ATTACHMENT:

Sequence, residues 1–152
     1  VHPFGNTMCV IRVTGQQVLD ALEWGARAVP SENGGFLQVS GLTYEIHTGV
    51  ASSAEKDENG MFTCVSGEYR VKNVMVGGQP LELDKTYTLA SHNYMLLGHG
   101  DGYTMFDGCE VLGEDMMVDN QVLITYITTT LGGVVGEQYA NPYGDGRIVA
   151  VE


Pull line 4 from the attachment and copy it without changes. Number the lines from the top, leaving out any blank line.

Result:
   101  DGYTMFDGCE VLGEDMMVDN QVLITYITTT LGGVVGEQYA NPYGDGRIVA